For example, “after the bat hit the ball” and “the bat in the cave” both contain the word bat. The embedding values for the words before and after bat allow a model to determine the context - in this case: America’s pastime, or a small nocturnal creature with wings.
These values also help models find the most relevant documents for a search by comparing the codes of the search words and the documents. In this way, developers can use a combo model of embeddings + GPTs to index, query, return and summarize the most relevant search results.
Other exciting tools in this area include:
GPTindex (twitter:gpt_index), which could be used to build exactly the app you would want to search your own notes and do QA.
allsearch.ai which searches across 1000s of books including first aid 2012 for the USMLE step 1.
If you’re a pandas user, check out sketch, which allows code generation from natural language for dataframes.
Squidgies.app which currently supports language learning, but we can dream that someday it might support medical knowledge across a known corpus
🏆 Paper of the Week: AI Outcome Prediction
Amidst the extreme noise of AI x Medicine, friend-of-the-substack and rising superstar Dr. Tyler Loftus has led a multiyear NIH-funded effort to disentangle a tricky problem in health care: matching patient acuity (severity of illness) to intensity of care.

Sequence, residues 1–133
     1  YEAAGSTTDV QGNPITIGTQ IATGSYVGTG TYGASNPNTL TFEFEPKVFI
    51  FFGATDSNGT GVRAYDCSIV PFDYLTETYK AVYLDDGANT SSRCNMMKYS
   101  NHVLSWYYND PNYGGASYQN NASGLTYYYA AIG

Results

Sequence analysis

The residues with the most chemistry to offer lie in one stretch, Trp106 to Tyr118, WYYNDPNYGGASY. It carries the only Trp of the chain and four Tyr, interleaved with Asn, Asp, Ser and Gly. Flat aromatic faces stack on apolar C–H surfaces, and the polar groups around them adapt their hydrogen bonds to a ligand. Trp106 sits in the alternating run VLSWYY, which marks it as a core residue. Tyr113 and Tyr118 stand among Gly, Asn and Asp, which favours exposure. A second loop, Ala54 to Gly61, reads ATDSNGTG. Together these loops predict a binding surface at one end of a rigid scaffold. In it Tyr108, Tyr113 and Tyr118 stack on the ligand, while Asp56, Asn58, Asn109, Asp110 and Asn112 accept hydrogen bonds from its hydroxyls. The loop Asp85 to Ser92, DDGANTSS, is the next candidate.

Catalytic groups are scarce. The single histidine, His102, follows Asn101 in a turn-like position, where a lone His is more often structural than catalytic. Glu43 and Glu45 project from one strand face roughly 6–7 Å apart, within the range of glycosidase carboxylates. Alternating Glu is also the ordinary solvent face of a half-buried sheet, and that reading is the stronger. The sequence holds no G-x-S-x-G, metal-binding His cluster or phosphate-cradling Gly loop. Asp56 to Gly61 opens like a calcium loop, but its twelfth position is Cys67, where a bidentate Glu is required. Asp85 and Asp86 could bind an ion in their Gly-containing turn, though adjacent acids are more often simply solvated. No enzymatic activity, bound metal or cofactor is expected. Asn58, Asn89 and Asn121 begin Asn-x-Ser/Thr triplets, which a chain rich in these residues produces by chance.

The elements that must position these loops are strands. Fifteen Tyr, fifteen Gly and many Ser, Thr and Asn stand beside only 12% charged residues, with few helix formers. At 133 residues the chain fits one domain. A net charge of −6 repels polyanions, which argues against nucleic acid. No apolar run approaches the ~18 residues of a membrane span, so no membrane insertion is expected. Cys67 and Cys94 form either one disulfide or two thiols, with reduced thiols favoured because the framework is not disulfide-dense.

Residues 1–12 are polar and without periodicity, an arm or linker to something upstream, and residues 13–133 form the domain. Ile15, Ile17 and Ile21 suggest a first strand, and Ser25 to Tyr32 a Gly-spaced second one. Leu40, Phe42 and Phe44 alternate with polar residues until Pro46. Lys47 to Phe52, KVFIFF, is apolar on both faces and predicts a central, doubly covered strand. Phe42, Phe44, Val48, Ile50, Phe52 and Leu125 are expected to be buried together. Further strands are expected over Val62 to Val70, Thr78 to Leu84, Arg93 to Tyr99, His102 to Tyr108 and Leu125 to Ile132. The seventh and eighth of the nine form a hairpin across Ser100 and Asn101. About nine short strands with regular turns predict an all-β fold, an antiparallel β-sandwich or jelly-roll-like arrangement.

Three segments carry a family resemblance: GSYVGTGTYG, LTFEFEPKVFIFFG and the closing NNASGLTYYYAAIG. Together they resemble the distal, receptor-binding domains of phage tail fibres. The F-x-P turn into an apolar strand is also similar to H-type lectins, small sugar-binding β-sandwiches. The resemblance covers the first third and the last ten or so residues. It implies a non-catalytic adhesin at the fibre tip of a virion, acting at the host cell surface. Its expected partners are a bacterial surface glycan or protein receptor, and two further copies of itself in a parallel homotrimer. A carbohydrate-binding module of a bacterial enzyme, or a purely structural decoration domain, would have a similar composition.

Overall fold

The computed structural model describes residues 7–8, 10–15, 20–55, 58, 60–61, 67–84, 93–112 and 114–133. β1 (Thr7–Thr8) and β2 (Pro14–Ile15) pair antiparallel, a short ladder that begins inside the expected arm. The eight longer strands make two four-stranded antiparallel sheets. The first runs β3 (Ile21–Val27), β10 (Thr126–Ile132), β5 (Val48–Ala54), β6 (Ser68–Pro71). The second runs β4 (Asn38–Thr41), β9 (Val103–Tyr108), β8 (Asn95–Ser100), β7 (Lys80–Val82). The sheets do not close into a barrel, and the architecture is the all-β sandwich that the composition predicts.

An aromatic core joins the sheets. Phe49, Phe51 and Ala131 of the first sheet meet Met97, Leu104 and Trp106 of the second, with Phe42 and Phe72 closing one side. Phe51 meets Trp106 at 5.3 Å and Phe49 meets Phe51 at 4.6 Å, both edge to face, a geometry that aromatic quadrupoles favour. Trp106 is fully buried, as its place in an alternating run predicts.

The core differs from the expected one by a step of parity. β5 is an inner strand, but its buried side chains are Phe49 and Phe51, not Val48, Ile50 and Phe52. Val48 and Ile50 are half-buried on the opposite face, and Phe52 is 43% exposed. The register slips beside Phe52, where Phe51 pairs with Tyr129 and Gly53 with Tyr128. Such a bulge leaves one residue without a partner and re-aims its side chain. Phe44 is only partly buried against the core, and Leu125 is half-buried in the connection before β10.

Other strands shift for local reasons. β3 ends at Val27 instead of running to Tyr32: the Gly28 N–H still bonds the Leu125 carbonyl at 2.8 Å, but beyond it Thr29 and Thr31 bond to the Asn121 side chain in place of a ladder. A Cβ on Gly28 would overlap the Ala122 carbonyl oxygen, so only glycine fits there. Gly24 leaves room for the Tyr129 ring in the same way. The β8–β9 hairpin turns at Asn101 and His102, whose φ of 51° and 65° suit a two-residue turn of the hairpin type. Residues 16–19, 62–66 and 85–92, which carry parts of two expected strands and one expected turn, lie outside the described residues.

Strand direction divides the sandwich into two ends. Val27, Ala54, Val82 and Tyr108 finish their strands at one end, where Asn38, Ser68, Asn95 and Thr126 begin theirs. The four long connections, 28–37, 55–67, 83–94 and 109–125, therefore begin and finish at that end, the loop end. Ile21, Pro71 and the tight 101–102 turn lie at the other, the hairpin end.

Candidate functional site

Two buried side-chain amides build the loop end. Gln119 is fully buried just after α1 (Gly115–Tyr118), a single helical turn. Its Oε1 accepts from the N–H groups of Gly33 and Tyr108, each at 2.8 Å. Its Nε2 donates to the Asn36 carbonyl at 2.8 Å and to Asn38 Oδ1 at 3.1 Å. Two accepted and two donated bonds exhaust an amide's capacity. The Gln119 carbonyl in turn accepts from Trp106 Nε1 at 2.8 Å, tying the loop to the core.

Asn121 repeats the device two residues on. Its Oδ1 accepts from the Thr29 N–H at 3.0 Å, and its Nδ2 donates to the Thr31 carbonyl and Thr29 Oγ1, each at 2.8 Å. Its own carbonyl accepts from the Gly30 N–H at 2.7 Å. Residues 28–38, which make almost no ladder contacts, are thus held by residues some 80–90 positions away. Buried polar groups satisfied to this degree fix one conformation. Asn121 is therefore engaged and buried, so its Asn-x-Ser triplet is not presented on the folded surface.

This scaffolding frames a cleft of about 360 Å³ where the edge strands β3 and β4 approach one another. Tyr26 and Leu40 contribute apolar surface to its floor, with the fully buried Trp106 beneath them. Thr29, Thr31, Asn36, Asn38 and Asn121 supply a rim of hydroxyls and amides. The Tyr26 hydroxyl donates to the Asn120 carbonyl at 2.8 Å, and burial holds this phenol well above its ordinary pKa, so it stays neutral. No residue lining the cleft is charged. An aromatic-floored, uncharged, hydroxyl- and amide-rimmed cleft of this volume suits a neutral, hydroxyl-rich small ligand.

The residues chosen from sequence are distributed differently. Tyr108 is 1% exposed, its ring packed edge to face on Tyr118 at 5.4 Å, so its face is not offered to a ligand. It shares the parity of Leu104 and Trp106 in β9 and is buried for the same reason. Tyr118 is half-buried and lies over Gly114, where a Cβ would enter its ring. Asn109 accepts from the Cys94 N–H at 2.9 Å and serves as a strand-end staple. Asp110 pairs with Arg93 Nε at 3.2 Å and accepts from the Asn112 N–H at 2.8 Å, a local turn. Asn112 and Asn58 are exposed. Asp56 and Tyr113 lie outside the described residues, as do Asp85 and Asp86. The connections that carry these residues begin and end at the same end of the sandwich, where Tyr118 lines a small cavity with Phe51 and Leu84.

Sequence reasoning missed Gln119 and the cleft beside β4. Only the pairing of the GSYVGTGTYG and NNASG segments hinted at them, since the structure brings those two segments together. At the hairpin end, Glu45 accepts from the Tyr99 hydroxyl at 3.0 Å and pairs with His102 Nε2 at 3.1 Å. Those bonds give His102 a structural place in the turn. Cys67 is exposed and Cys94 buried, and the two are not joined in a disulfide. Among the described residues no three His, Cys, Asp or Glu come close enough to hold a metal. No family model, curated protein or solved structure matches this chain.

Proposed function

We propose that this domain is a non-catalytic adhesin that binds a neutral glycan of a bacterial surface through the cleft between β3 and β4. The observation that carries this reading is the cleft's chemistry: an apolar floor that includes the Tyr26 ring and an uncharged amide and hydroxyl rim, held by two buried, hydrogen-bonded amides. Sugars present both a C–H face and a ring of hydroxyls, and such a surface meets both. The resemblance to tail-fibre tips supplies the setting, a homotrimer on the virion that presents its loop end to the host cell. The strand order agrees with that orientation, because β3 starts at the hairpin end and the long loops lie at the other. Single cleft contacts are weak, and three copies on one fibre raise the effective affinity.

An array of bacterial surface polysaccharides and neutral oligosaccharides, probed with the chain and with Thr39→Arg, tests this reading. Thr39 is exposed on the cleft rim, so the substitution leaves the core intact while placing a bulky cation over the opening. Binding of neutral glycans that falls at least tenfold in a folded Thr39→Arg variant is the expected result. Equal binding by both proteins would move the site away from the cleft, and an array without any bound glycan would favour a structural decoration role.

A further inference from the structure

The essence of their idea is simple and well understood in medicine. The acuity (severity of illness) of a patient should be matched with the intensity of care they receive. In the real world, our allocation of medical resources is imperfect. In our current climate, ICU beds are scarce and surgeons typically have to decide weeks in advance whether a given patient will need the ICU, or face the prospects of not having a bed available.
I recently had a patient wait for two days in the recovery room without an ICU bed, despite knowing they needed one. This highlights the current imperfect allocation of resources and the consequences of getting it wrong. In prior work, Loftus et al. found that 5% of patients who don't "need" the ICU but are sent there anyhow have little benefit and 50% increased healthcare cost. On the other hand, the 12% of post-surgical admissions to a general floor ward who "need" the ICU but don't go, have more than double the odds of death.
Loftus et al. propose a solution: an explainable ML-based model (details forthcoming) that allows clinicians to understand why a patient is being classified as “high” (ICU) or “low” (ward bed) acuity. Their prior work described a random-forest based model that incorporates both large publicly available and electronic health records outcomes datasets and local institutional data from the electronic health record obtained during surgery.
Stay tuned for more from the University of Florida group. Exciting work.
That’s all for this week. The AI landscape is ever changing, and you can rely on us to keep you up to speed on how these changes might impact medicine, your practice, and your patients.